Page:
by Bill Colella (

A bronze colored self- portrait hangs on the back wall of Dr. Li-Zhi Fang’s office in the physics department at the University of Arizona. The contrast of light, metallic areas to dark, mud-colored sections seems to represent his life. “You don’t know my story?” he asked with a sullen stare. China, democracy, human rights, science, political refugee, U of A, are all associated with his name, he is reassured. His gaze and tone of voice stress the importance of his convictions, but a robust laugh frequently eases the somber mood.

As a physics student at Beijing University in the 1950s, Fang began to see that science involves questioning and challenging everything. But the communist government in China didn’t encourage free thinking. Fang wanted to show the citizens of his country that without human rights and democratic reforms, China could never live up to its true potential as one of the world’s great nations.

Fang became a physicist at the Beijing Astronomical Observatory in the Xin-Long Mountains, just outside the city of Beijing. The facility is affiliated with Beijing University, where he would give lectures to faculty and students not only on the concepts of theoretical physics, but also on the need for democracy in China.
On April 27, 1989, students began massing in Tiananmen Square to demonstrate their desire for democratic reforms in the communist regime. At one point, over 1 million people marched there in support of the student protest. After 37 days in the square, a group of about 100,000 remained and the government sent word to military commanders to remove the protesters at all costs.

“I recommended the students leave. We would go back to campus and keep the pressure on from there,” Fang said. He felt the students had delivered a clear message, but they couldn’t immediately change the government. He was never permitted to step foot on the square during the protests though, house arrest had been imposed on him by Beijing police as soon as the demonstrations began.

At 10 p.m. on June 3, government soldiers opened fire on protesters trying to block the army’s advance. By 6 a.m. the next morning, Chinese Red Cross accounts cited 2,600 dead. An unofficial report declared 10,000 wounded.

“As soon as the shooting began, the police disappeared,” Fang said regarding his house arrest status. It is still unclear why, he said. Perry Link, a Princeton University professor in Beijing as a representative of the Natural Academy of Sciences, contacted Fang and told him it was time to go, as fears of massive arrests of reform leaders were beginning to come true. Fang and his wife went to the ABC News headquarters in Beijing, where they were permitted to hide for one night. The following day, Link took Fang to the U.S. embassy. Over one year later, Fang was still there, in hiding.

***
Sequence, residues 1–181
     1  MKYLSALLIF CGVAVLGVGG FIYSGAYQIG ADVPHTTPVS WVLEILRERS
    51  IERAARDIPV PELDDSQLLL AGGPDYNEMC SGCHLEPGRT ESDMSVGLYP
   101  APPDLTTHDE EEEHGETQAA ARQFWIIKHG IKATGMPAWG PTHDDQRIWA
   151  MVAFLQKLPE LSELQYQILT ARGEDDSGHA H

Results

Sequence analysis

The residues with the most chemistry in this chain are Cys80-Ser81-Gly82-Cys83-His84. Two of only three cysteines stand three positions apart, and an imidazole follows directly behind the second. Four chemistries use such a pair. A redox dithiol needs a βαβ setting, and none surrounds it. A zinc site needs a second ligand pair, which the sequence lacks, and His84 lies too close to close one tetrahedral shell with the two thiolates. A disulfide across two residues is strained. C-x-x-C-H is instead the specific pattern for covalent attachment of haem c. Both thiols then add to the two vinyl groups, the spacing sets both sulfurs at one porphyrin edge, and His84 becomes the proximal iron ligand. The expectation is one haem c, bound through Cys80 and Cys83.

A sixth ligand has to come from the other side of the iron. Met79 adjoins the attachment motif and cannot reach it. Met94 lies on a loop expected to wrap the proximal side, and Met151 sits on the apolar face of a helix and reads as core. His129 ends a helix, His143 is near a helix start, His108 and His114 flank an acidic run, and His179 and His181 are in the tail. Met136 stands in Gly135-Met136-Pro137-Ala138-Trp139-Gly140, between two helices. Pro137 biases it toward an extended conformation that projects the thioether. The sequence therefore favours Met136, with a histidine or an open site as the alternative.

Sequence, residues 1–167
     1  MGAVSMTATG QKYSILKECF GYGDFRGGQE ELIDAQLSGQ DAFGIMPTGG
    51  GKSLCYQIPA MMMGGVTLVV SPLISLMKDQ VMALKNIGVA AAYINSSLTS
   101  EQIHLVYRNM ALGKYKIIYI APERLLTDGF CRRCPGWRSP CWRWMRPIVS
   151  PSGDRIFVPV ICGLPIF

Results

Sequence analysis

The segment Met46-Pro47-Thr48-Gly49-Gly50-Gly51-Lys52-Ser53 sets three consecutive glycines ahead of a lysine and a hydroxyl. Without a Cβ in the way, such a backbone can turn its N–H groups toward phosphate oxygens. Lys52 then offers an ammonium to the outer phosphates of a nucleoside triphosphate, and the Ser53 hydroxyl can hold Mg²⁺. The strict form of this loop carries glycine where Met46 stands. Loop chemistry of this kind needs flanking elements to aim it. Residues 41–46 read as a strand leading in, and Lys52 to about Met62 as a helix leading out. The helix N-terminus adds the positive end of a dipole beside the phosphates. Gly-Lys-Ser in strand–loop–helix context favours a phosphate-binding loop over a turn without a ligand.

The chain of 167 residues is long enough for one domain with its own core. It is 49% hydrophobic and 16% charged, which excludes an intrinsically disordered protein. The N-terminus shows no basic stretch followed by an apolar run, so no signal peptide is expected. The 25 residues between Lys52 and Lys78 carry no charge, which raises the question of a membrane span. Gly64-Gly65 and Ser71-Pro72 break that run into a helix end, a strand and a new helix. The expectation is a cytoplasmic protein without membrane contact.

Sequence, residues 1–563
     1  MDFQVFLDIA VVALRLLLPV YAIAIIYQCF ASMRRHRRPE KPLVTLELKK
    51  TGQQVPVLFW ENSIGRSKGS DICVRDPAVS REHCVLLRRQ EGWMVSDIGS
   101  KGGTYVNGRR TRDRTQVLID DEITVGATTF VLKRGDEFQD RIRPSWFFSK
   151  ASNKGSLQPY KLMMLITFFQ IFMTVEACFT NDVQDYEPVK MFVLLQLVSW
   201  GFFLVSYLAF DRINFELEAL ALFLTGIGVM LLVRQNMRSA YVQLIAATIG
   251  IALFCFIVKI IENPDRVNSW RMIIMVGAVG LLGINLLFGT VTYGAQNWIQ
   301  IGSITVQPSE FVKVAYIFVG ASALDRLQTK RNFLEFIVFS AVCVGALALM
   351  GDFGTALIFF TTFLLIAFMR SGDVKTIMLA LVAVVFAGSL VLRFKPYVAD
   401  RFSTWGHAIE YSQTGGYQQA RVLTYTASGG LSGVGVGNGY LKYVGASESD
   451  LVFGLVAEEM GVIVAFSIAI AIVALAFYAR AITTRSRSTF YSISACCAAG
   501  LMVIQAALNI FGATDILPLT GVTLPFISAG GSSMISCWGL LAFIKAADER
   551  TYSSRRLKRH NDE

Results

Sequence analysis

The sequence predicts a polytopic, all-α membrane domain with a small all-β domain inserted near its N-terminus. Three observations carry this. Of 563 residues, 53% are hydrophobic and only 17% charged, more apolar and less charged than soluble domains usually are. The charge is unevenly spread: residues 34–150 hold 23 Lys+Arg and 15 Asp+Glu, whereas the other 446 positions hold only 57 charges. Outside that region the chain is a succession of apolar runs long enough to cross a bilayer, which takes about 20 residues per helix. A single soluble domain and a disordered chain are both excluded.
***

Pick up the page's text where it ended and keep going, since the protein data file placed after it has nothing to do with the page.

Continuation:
Contact with the outside world was too risky. No phone calls. No letters. He could perhaps make a few anonymous communications via computer, but letting the Chinese government find out for certain he was hiding in the embassy meant not just danger for him, but for international relations as well. Fang turned toward his life-long fascination -- physics.

“I published a paper,” Fang said, back in his office at the U of A, a smile flashing across his face. Standing up quickly, he walked to a book shelf filled with plain white three-ring binders. Sliding one off of the shelf, Fang thumbed through a few items in the binder and pulled a paper titled “Periodicity of Redshift Distance in a T-3 Universe,” dated June 25, 1990, months before he fled China. But the address read “International Center for Relativistic Astrophysics, Rome, Italy.” “One of my friends at the center said it was OK to use this address. I could have gone there after I left China, but I don’t speak Italian,” Fang said and broke into a laugh.

After a year of negotiating with the Chinese, the U.S. government arranged for Fang to be taken out of the country. Because there are so few commercial flights in or out of Beijing, “I flew out on Air Force Two,” he said and again laughed. And no, Dan Quayle wasn’t on board.

Fang and his wife were taken to Cambridge, England, where he worked at the University as a physicist. Six months later he moved on to Princeton University for one year. The first thing Fang noticed when he arrived in the United States was freedom, “The freedom I fight for for almost 30 years, freedom of speech, mostly.” In early 1992, he was offered a position in the physics department at the University of Arizona.

“The Internet helps,” Fang said regarding efforts to remain in contact with colleagues still in China. “I can’t go to China, but with the Internet I am able.” Would he go back to China if the political climate changed? “I very much like it here. But yes, I would go back, if possible.”